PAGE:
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Does My Cat Really Need to go to the Vet?

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According to a study by the American Veterinary Medical Association, dogs visit the vet about 2.3 times a year, compared to cats’ 1.1 annual visits. And only 28% of cats see a vet once or more per year in contrast to 58% of dogs. That means, cats are only HALF as likely to see their veterinarian as dogs, even when they are sick!

Why the Discrepancy?

One main reason for the discrepancy is that many pet owners have a false perception that felines are more self-sufficient and don’t need medical care. Quite the contrary is true, however. Cats are extremely good at hiding early signs of illness. Often times, by the time your cat starts showing outward signs of illness, the disease has manifested and becomes much more difficult and expensive to treat.

Preventive Care for Cats

Preventive care for your cat results in significant savings over the life of your kitty. Annual or semi-annual check ups can detect illness in the very early stages, making it easier and often less expensive to treat. Common illnesses for cats are obesity and hyperthyroidism (over active thyroid). Obesity in a cat can lead to diabetes, arthritis, and respiratory issues. These issues are manageable when detected and treated in the early stages.

Veterinarians also recommend vaccinations to prevent potentially fatal illnesses. Your vet may recommend FVRCP, Feline Leukemia, and Rabies vaccines. In most areas a current Rabies vaccine is required by law for all cats and dogs.

Monthly flea preventatives are also an important part of your cat’s wellness. Even indoor cats are at risk because fleas can come in on the dog, your shoes, even pass through a screen door or open window!

Many cat owners say they don’t bring their cat to the vet because it’s too hard to get them in the carrier.

Here are a few tips to make the trip easier for you and your kitty, and get him/her the wellness care they deserve!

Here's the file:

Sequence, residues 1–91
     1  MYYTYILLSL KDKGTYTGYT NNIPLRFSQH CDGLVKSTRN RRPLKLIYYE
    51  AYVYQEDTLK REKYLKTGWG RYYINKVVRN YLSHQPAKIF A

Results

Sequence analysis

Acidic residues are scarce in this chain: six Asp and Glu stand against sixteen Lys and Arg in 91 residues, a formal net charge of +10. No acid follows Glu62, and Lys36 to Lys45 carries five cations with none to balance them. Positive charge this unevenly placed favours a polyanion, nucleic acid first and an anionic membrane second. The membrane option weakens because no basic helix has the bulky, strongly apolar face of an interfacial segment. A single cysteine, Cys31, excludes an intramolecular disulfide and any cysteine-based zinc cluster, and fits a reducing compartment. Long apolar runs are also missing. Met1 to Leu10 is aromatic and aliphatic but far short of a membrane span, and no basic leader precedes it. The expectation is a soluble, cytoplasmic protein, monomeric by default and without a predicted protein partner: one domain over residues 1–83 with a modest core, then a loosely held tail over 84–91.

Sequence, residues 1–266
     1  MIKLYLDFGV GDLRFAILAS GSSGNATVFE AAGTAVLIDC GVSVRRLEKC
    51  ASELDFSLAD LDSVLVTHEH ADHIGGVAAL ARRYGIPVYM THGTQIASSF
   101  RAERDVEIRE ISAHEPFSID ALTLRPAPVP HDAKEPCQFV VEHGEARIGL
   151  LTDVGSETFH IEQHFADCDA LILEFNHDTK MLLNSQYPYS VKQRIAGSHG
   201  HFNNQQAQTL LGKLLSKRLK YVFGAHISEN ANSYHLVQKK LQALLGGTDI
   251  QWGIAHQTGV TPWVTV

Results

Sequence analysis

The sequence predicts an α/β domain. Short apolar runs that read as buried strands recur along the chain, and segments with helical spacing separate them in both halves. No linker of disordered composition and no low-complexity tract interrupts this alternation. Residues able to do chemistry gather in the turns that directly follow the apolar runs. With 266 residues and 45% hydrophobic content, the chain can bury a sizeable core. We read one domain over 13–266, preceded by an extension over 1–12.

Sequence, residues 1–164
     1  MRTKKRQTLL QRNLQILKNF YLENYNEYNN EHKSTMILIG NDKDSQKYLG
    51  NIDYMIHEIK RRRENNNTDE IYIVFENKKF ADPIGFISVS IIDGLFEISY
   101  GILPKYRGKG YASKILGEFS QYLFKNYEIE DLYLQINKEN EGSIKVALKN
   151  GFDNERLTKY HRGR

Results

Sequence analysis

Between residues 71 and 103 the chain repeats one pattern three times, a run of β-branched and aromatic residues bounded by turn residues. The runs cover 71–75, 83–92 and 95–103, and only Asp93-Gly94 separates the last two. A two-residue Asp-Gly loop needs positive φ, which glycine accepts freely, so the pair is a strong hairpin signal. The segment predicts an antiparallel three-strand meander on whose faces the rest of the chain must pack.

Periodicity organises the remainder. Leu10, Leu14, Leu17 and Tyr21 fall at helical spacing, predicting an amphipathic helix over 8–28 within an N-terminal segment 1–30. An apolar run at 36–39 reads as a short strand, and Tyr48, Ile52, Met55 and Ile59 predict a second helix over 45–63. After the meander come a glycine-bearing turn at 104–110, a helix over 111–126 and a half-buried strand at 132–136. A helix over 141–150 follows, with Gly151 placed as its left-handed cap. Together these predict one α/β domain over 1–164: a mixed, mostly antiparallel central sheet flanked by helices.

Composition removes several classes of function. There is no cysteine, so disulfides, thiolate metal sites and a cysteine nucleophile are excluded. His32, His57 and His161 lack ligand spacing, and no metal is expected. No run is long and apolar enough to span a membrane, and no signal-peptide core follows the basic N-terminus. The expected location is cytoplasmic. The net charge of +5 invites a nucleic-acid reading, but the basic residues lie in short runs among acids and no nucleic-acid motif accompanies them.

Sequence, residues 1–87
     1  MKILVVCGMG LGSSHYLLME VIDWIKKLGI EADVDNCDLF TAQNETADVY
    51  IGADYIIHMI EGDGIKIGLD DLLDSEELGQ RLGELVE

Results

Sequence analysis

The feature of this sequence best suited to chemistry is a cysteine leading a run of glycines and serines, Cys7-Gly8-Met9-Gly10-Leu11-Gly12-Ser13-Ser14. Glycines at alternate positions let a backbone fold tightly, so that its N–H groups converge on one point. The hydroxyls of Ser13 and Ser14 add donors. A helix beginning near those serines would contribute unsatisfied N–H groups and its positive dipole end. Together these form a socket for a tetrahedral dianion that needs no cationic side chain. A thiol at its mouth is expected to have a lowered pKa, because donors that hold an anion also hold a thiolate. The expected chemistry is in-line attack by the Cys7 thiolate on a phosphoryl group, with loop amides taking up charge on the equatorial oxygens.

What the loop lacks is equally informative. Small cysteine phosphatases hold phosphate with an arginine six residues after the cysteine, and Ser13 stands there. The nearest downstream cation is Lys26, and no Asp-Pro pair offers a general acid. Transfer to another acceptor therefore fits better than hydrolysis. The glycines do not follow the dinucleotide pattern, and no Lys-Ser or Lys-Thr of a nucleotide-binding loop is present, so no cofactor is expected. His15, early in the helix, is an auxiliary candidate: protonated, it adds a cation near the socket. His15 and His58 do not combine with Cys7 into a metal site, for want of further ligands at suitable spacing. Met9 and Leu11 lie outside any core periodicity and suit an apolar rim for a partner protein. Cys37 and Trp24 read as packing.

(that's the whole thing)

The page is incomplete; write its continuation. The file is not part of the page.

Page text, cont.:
Get your Cat to Like the Carrier

Many cats run and hide as soon as they see the carrier come up from the basement. Start keeping the carrier accessible to your kitty at all times. Your cat will most likely start to investigate the carrier after a few days. Once he sees he can come and go as he pleases, the carrier won’t be so scary. You can even try a calming wipe (Feli-Way) on the carrier to help ease your kitty’s anxiety.

Practice Traveling with your Cat

Cats are not usually too fond of car rides but with some practice they can become more comfortable in the car. Once you’ve got kitty used to the carrier, try taking him for some short car trips. Start by just going around the block, and gradually build up the amount of time spent in the car.

Keep Calm at the Vet

Now that kitty is comfortable in his carrier and you’ve gotten to the vet, remain calm. By now your kitty feels safe in his carrier. Avoid taking him out of the carrier in the waiting room filled with barking dogs, curious children, and other unhappy kitties. Your cat will feel safest in his carrier and will be less stressed when it’s time for the veterinarian to perform his physical examination.

Remember, cat’s need to see the vet at least once a year. Call your veterinarian today and schedule a wellness exam.

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